How to Pivot Your Marketing Strategy During COVID-19
Originally posted by Perfect Search Media
This is a difficult and isolating time in many ways (personal, social, professional) and we hope to make it a little bit easier with a few tips for your marketing strategy. Our team is working with a variety of clients across several industries, many of which have been impacted by social distancing and stay-at-home orders.
Here’s what we’ve learned:
Consumer Behavior Changes
First, good news. If you are a retailer (online or with storefronts) that sells health products, paper products, or food, you are most likely seeing an increase in consumer purchases of those products. Many other online retailers are seeing increases in purchases of all types of products as people are bored and spending a lot of time online. Amazon is hiring more workers at their warehouses and no longer promising quick shipping due to high demand.
Unfortunately, some retailers are also seeing disruptions in their supply chain since the manufacturing and distribution centers are closed down or understaffed to keep workers healthy. The meat & egg supply chains are also disrupted with the closure of meat processing plants due to outbreaks.
Now, the not-so-good news. The stock market is tumbling and may even be heading into a recession. In many areas, governments are recommending or requiring that people do not leave their houses or congregate in large numbers. This means that conferences, concerts, events, theatres, churches, and attractions are being canceled both in the U.S. and internationally. Associations that rely on national or international conferences to make money are delaying or canceling events.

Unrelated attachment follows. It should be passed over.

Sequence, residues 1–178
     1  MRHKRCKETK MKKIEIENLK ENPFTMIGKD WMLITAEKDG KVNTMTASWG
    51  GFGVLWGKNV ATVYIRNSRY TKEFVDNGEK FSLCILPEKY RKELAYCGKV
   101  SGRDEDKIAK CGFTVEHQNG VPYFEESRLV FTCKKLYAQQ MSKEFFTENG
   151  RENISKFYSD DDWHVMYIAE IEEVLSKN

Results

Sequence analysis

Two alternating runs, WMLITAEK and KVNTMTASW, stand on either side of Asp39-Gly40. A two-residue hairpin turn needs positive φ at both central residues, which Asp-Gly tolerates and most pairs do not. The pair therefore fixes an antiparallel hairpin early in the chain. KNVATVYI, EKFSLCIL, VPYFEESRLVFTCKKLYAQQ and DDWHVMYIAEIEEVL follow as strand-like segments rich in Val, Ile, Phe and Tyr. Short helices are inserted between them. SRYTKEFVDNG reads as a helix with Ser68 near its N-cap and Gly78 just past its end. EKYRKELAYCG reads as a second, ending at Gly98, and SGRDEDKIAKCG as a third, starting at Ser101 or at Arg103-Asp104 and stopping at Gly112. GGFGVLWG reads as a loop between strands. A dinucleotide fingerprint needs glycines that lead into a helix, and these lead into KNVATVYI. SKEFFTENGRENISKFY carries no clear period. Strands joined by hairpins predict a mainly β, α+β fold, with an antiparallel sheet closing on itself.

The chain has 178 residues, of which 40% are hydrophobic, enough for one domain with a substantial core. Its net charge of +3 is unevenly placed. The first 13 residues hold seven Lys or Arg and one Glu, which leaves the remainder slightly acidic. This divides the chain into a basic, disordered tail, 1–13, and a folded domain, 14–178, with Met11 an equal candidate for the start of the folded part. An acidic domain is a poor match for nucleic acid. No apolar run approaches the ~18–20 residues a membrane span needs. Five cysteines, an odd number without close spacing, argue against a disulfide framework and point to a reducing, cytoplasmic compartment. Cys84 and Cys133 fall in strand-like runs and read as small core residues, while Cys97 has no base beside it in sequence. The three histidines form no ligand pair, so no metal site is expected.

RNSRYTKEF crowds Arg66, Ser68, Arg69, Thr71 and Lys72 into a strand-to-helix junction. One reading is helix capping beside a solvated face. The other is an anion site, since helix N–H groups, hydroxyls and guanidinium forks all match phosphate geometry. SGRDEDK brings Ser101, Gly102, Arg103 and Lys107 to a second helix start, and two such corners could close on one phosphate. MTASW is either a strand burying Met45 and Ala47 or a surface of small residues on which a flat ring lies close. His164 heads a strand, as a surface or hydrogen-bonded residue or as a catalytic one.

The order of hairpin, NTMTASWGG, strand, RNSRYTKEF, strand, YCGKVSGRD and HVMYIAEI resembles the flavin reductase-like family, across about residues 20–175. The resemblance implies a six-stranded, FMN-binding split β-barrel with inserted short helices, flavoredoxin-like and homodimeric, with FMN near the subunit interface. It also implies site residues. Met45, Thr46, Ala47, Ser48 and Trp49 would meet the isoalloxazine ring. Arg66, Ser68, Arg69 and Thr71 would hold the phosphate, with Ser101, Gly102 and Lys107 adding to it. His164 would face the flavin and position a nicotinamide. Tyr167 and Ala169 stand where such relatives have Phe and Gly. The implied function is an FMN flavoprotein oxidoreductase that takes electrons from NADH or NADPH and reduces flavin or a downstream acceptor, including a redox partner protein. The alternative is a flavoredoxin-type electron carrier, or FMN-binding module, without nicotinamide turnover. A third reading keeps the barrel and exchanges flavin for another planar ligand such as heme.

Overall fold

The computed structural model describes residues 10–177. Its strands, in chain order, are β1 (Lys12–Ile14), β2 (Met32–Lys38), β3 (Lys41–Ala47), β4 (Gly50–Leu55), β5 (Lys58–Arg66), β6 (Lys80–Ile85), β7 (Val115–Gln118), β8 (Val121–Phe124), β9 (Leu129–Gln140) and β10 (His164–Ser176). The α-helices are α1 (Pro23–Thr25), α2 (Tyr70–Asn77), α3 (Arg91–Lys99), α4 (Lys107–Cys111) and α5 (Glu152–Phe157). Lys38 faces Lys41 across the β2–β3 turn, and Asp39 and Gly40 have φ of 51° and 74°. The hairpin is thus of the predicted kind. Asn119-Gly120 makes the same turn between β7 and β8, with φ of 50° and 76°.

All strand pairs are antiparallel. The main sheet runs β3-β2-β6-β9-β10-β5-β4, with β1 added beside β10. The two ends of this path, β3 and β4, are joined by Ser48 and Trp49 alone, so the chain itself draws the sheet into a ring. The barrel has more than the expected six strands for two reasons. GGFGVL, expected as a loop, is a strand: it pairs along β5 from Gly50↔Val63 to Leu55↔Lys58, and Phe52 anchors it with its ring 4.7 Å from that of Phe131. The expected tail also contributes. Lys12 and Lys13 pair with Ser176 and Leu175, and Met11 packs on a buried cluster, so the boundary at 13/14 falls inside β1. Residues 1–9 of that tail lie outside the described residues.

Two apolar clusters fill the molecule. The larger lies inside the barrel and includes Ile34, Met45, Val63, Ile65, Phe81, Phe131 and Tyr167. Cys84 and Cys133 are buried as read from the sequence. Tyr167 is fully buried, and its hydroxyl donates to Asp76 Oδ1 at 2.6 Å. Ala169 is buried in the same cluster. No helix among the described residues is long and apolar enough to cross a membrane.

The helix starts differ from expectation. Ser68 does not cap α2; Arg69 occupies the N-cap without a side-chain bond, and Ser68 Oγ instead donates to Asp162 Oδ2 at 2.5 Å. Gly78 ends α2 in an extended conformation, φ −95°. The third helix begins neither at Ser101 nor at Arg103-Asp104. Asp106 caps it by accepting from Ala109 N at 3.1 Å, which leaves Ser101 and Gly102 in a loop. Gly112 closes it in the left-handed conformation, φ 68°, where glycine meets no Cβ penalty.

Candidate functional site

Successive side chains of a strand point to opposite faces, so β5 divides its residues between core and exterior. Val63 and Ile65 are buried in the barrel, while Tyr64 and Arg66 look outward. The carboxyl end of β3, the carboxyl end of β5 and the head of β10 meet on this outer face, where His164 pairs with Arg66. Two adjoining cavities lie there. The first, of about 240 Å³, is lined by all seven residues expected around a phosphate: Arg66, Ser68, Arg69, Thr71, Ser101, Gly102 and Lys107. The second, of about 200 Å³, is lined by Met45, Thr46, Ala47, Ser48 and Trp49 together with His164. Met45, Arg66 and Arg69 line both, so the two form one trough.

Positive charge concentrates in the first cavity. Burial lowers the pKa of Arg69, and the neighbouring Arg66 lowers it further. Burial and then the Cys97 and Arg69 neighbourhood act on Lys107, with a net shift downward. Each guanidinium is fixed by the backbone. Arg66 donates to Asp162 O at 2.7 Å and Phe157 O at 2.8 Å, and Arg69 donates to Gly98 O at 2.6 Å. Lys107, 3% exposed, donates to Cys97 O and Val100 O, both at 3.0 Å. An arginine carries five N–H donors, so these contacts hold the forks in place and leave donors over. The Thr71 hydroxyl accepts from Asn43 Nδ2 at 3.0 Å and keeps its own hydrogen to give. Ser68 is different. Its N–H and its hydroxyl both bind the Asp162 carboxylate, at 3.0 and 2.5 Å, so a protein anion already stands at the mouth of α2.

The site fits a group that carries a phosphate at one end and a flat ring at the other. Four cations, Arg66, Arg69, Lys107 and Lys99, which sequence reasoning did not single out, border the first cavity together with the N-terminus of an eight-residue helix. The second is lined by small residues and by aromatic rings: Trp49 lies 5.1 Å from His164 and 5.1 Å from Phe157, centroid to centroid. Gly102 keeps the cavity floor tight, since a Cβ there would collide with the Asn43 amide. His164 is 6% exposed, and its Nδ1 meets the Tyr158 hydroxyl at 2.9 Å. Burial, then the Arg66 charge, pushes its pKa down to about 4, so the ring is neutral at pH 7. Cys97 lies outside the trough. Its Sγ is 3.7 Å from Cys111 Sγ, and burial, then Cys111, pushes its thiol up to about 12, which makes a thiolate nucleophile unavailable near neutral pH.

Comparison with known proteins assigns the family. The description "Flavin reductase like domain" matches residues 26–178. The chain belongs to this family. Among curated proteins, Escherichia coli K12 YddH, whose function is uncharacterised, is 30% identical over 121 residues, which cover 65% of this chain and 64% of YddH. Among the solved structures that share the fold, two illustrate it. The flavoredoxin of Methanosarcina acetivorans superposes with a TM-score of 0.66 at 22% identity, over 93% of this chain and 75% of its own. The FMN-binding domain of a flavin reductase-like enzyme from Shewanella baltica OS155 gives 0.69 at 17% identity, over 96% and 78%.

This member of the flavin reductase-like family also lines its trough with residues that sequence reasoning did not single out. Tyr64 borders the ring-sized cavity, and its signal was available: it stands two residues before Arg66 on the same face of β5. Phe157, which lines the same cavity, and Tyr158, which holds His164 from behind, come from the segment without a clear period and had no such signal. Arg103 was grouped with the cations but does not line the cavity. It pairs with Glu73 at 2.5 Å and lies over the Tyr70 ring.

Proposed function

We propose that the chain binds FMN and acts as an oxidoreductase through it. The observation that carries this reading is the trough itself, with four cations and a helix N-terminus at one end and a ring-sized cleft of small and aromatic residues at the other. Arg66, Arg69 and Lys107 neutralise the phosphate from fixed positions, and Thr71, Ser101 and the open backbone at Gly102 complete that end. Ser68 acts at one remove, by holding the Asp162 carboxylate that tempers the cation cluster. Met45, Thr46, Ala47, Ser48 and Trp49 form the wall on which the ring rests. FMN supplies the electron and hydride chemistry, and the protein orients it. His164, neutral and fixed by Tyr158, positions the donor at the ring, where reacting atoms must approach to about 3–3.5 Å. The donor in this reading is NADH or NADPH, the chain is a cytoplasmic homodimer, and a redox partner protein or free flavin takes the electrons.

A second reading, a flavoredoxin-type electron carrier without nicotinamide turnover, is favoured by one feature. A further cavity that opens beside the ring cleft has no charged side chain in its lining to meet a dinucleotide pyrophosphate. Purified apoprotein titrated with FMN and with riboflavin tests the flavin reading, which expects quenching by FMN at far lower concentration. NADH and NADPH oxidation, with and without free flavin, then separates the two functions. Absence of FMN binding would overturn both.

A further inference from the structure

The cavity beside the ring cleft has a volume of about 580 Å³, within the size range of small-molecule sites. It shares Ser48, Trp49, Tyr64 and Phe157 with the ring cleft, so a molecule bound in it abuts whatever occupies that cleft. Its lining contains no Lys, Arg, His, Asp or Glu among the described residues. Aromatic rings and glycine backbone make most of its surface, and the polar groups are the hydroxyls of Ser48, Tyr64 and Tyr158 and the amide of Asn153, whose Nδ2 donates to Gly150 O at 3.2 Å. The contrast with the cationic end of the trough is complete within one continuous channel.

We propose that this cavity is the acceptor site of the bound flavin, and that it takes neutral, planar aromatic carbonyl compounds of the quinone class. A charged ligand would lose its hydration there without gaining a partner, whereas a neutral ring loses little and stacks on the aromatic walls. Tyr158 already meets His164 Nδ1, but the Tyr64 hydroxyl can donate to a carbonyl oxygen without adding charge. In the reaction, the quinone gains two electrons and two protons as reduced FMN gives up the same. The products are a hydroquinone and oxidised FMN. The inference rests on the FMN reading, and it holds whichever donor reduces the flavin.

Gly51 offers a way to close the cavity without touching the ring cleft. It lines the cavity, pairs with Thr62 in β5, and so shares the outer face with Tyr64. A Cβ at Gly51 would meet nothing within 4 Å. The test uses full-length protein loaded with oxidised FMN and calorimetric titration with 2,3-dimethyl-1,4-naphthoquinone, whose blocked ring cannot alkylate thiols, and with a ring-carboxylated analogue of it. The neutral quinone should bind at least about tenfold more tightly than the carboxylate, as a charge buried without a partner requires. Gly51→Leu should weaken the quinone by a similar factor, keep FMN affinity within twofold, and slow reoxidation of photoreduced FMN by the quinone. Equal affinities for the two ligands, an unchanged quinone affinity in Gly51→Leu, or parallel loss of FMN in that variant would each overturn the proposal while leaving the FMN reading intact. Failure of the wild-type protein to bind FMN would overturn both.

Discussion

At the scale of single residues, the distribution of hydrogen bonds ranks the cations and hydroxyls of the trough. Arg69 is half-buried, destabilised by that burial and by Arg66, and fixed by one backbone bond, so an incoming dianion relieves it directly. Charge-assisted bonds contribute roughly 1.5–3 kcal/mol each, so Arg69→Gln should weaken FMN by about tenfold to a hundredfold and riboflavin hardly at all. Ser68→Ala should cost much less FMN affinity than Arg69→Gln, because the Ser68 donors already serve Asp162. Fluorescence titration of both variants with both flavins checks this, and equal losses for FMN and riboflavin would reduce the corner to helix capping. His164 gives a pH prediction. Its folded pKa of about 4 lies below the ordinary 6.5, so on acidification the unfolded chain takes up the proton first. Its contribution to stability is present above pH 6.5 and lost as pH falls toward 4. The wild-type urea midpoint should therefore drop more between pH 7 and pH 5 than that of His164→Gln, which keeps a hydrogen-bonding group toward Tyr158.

Businesses are sending employees to work from home whenever possible or furloughing employees when not. Schools are putting their classes online and sending students home. Finally, people are being asked to stay home and socially distance themselves from one another.
Restaurants are open only for takeout and delivery in many places, too. Other brick-and-mortar stores and offices are closed unless they are designated “essential”. Many businesses are closed for an unknown amount of time.